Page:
Moto Guzzi V1000 Convert Opinions

Discussion in 'Old's Cool' started by Hennepinboy, Jan 25, 2016.

  1. Hennepinboy

    Hennepinboy Adventure Eater

    Feb 7, 2006
    Minnetonka Minnesota
    I have been offered for sale a Moto Guzzi V1000 Convert with sidecar for $1500. At this time I do not know the year of the bike or the manufacture of the car. The bike ran last summer and has been stored outside this winter. The owner stated in a text that the left exhaust had oil dripping, without looking I assume the oil is from a loose valve guide.

    Are there any know problems with the V1000 Convert that I should look for? What years Guzzi's have iron, chrome or Nikasil cylinders? How weird is that automatic transmission?

    I am looking for a new project bike as I have finished my winter project (82 Yamaha XJ650 Seca) this winter and it is still January.
  2. flemsmith

    flemsmith lurk

    Apr 20, 2006
    Apache Junction, Az
    Check on "This Old Tractor" web site. Greg Bender has a pretty complete rebuild thread for his Convert. You'll probably get quicker answers on the Wildgoose forum too. Sorry, I don't know offhand if the convert cylinders were iron or chrome plated. Greg will know...also the guys at MG cycle. What kind of side car? roy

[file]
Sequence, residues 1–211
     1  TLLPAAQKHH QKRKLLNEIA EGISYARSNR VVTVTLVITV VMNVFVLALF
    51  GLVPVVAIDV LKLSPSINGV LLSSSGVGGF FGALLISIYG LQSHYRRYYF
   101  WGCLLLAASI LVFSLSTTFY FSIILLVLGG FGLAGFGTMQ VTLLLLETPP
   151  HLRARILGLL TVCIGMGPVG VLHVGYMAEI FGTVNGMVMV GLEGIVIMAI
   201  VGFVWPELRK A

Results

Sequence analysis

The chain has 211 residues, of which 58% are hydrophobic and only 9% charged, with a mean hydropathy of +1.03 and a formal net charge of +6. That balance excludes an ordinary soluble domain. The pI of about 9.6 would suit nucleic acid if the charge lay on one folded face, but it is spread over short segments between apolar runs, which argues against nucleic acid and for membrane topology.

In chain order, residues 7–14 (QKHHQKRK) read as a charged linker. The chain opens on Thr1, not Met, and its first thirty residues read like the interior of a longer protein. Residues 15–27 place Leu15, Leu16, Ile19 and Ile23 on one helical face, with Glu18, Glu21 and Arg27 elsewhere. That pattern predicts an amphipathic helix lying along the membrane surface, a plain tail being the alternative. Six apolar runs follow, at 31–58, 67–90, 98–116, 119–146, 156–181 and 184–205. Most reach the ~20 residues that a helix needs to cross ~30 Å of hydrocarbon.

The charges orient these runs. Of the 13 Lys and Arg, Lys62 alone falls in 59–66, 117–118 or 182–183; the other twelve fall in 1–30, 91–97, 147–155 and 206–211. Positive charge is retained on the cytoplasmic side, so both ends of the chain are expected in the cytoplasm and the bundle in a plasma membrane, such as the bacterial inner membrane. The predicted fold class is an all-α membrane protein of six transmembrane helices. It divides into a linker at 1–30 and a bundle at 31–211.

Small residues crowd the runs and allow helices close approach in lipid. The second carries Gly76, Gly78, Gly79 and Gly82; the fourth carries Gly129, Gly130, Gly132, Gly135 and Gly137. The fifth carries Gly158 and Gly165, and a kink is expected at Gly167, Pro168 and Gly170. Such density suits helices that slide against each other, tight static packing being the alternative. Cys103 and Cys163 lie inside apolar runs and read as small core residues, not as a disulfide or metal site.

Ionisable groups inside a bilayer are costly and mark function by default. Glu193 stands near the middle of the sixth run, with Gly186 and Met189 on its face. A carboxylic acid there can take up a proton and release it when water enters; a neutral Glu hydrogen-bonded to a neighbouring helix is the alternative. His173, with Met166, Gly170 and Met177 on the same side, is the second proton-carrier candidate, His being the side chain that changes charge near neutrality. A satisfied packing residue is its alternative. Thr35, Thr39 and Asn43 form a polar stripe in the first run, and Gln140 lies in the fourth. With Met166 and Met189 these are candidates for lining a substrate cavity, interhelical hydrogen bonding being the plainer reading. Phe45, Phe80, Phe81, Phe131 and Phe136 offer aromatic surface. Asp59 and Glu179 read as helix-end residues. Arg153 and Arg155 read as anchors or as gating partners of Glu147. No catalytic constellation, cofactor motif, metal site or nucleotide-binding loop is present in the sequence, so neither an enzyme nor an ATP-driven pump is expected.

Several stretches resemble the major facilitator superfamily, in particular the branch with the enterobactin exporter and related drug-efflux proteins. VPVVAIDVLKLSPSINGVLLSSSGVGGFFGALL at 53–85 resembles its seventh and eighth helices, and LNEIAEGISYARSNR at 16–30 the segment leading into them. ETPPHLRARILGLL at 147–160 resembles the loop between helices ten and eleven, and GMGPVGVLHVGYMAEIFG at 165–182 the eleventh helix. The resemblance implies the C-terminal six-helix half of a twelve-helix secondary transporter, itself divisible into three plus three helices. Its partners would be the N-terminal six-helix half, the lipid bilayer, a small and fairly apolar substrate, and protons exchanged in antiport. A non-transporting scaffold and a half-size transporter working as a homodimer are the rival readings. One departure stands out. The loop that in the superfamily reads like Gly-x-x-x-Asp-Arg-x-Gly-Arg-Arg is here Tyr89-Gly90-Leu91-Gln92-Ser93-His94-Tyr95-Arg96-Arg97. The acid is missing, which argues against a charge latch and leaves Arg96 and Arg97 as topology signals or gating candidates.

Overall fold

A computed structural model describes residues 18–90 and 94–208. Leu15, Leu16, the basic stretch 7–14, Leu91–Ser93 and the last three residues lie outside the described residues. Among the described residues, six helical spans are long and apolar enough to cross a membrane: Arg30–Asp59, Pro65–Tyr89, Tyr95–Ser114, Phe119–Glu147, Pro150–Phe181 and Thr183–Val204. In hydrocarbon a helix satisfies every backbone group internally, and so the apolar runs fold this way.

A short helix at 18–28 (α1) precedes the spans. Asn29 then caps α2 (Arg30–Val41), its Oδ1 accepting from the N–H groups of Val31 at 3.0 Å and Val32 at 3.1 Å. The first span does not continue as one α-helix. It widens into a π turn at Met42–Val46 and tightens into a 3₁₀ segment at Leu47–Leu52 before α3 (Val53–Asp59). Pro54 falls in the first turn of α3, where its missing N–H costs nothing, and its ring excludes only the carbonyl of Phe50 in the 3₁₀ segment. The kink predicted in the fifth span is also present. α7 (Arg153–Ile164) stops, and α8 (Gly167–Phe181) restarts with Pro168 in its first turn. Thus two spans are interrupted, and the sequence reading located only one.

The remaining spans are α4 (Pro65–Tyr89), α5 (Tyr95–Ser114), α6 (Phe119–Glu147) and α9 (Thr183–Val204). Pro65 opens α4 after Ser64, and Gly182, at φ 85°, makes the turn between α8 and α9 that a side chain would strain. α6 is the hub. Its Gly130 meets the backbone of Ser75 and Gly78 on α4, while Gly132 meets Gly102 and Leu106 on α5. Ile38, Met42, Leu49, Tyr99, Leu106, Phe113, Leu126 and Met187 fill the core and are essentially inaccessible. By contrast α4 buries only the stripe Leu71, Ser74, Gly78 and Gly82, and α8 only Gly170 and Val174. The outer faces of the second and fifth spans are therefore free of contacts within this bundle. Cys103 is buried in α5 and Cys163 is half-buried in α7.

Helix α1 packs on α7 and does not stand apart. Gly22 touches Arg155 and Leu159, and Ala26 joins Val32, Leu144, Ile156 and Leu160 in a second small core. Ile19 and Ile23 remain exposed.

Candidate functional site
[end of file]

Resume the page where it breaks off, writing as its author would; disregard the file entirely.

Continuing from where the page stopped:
3. Scudman

    Scudman Long timer

    Apr 30, 2009
    The Convert cylinders are steel. The 850cc cylinders were mostly chromed. The 850 LeMans round cylinders had steel cylinders if memory serves me right. The Convert is the least desirable (IMO) of the Guzzi line due to the auto transmission. The engine is mostly the same as the 5 speed models with the exception of the front case that has a oil pump in it. The cam drives the oil pump and is different in that respect. To convert the Convert to a 5 speed you will need a 5 speed transmission, rear drive, drive shaft and U joint. The oil dripping from the exhaust is an issue and I would at least check the compression to determine the cause. If running and in decent condition $1500 would be a good deal but it was left outside and Guzzis do not age well in the elements. Plenty of parts for them out there and it will make a nice project.